Punch,  13 (1847), 237.

King Death's Discomfiture





Disease, Government, Public Health, Sanitation, Commerce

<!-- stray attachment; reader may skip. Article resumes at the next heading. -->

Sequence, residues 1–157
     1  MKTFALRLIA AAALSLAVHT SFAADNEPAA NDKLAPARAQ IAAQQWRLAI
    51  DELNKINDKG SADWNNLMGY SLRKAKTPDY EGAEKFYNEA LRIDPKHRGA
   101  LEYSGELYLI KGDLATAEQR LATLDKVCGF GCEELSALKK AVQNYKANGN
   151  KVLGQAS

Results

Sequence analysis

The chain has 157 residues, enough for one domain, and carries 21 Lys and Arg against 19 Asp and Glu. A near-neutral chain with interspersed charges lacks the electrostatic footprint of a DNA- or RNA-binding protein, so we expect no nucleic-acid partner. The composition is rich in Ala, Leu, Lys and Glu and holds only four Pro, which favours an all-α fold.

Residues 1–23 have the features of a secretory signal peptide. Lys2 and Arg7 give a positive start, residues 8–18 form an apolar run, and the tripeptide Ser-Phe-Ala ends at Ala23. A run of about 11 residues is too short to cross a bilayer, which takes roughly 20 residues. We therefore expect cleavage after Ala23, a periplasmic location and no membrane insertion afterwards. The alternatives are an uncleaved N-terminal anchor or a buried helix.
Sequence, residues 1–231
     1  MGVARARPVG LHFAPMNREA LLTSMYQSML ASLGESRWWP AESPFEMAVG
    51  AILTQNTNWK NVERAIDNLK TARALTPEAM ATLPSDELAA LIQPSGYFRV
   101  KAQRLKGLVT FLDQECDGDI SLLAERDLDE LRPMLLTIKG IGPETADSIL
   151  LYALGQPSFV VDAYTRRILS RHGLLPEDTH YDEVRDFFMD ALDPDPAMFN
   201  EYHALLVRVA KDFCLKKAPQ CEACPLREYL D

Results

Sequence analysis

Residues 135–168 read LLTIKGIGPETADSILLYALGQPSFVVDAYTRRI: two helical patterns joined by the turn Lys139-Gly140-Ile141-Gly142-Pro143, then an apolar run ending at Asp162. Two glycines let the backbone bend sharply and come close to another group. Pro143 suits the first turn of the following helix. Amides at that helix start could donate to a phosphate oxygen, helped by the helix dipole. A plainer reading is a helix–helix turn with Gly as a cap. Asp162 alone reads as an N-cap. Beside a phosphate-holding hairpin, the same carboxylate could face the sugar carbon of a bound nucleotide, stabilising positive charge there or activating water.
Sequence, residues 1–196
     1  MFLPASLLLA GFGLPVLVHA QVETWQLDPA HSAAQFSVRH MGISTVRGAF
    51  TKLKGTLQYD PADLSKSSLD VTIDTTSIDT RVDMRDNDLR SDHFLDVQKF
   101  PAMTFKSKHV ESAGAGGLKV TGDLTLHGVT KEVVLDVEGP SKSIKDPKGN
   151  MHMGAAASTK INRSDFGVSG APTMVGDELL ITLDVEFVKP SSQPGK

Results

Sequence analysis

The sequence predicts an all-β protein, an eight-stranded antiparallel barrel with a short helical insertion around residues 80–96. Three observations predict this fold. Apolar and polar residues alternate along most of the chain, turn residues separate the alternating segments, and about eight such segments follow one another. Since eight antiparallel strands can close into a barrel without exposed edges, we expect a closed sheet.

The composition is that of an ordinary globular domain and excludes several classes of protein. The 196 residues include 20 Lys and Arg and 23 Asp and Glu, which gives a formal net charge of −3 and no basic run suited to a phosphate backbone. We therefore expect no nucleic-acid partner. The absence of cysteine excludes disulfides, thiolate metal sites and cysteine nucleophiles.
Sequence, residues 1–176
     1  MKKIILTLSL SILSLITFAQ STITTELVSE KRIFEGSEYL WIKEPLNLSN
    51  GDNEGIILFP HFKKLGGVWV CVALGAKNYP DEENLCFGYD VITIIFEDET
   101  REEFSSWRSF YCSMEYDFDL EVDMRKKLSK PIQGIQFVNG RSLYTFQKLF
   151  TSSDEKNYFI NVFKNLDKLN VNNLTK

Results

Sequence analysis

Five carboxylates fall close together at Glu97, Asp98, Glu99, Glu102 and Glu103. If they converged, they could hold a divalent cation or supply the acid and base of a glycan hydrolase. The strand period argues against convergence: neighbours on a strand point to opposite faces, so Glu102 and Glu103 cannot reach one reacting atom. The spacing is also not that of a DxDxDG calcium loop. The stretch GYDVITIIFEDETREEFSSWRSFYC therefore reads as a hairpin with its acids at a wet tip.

Describes the journey of 'Cruel Death', dressed as a 'Sewer Commissioner' and armed with a 'lancet'. He sees 'Cholera at work, on Russian and Turk', and orders the sending of influenza to England, where he saw his agents 'Typhus and Co.' conducting a 'roaring trade'. Death blesses 'his friends, the wiseacres, / Who at centralisation grumble', and chuckles to himself knowing that the disease has 'the wholesome scent of "self-government"'. Offers a 'fig for your Smiths and Chadwicks, / With their Health of Town petitioners', noting that he still has 'Seven hundred good Sewer Commissioners' to the fore. Typhus expresses his enjoyment of living in a sewer 'Where knock me-down-gases each the other surpasses'. Describes how Typhus informed Death that 'our roaring trade has been knocked on the head / By these sanitary fellows', who will 'wash out [...] Any hard-working Fever' that 'haunts' each 'sewer and drain'. Typhus suggests that the only solution is for Death to compel the Prime Minister, Lord John Russell, to make 'sewers Banks [...] Of Plague-issue and Poison-deposit', and warns Death that he won't receive from the 'Whig administration' his 'claim to compensation'. King Death and Lord Typhus leave Britain disgusted with its administrative 'innovations' and 'sanitary ravages'.

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